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I am looking at clustering about five machines and I wanted to get some opinions about what is the best way to go about it. I'm wanting to run one VM over the five machines, firstly I want to ask,

1: If I cluster the five machines will there hardware be combined? HDD's CPU's Ports etc..

2: Would the hardware be accessible(Usable) within the VM

Ultimately what I am asking is If I cluster five machines and run a VM over them will that make the VM a 'speed demon' combining CPU's and HDD's?

Also what are some of the clustering operating systems out there at the moment? I have looked around but it seems that allot of it is deprecated or just old.

If you need any more information just ask.

NOTE: Im not wanting the cluster to process files parallel, Im wanting the speed of the processors, RAM and HDD's combined into one VM working over top of the cluster

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The ones I know pretty well don't do that, system resources are limited to the host machine the VM is actually running on. The reason the VPS providers can give you mondo-fast instances is that their single nodes are that fast or better.

That said, there are other ways to get what you're looking for, but it isn't virtualization the way we've come to know it. You're looking for something called a Single System Image. There are limitations for these beyond what you'd expect from a VPS, but if your application is written right you can get the single super machine you're looking for. The solutions out there aren't nearly as robust as something like ESX provides.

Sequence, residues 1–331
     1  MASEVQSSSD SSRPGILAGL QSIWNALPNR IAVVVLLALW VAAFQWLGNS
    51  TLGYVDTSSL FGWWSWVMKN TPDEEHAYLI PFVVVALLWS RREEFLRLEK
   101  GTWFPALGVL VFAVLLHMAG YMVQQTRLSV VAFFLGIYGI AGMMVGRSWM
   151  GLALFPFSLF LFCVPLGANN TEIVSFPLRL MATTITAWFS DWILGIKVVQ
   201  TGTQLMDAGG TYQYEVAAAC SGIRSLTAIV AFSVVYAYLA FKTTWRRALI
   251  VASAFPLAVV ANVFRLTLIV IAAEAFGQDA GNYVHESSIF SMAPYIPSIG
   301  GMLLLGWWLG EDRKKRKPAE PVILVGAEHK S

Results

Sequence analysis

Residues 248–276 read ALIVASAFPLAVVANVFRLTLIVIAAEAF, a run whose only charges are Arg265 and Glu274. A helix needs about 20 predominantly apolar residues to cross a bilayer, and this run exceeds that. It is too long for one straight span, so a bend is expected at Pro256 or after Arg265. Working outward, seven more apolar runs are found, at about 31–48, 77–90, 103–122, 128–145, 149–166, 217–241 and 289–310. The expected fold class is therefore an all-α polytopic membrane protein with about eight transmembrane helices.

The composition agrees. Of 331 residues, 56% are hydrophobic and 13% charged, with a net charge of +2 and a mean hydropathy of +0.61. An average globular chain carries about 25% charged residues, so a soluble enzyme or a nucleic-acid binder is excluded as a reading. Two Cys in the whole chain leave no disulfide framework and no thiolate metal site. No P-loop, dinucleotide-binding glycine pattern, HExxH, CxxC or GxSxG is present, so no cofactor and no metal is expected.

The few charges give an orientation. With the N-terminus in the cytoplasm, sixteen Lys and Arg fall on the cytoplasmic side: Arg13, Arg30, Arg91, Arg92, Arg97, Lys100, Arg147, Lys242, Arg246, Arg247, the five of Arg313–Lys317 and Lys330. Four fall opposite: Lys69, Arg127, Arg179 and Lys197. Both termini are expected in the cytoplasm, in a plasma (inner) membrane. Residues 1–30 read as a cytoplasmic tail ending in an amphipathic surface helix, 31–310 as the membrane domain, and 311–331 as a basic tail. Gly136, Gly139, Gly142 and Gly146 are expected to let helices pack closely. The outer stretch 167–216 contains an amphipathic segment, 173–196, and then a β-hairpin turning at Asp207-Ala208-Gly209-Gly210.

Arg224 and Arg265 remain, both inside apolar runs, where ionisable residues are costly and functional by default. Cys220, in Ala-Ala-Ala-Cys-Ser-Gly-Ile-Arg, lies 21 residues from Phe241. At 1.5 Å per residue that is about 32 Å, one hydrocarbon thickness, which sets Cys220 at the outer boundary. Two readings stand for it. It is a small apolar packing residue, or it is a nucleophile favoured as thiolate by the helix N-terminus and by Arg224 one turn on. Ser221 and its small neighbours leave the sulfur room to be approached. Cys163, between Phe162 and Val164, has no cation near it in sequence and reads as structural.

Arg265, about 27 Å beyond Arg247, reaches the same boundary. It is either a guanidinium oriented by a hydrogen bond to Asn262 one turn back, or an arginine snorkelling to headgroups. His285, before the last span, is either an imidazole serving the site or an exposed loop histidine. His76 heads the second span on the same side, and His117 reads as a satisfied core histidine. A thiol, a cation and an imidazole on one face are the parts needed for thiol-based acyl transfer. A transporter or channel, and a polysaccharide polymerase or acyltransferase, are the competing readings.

The Wikipeida article I linked to leads to several of them, mostly academic or scientific in focus. Not all are still under development. Due to the challenges of putting something like this together, they're based on very old Linux kernels.

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Thank you very much for that detailed answer. Some good reading. This may be a rubbish question but would ESX/ESXi do the job? –  Elgoog Feb 8 '11 at 3:58
    
@Elgoog ESX/ESXi will allow you to move a single VM from one Node to another. The VM would never have more resources than the actual node does, however. –  sysadmin1138 Feb 8 '11 at 3:59
    
Thanks for all your help :) –  Elgoog Feb 8 '11 at 4:03
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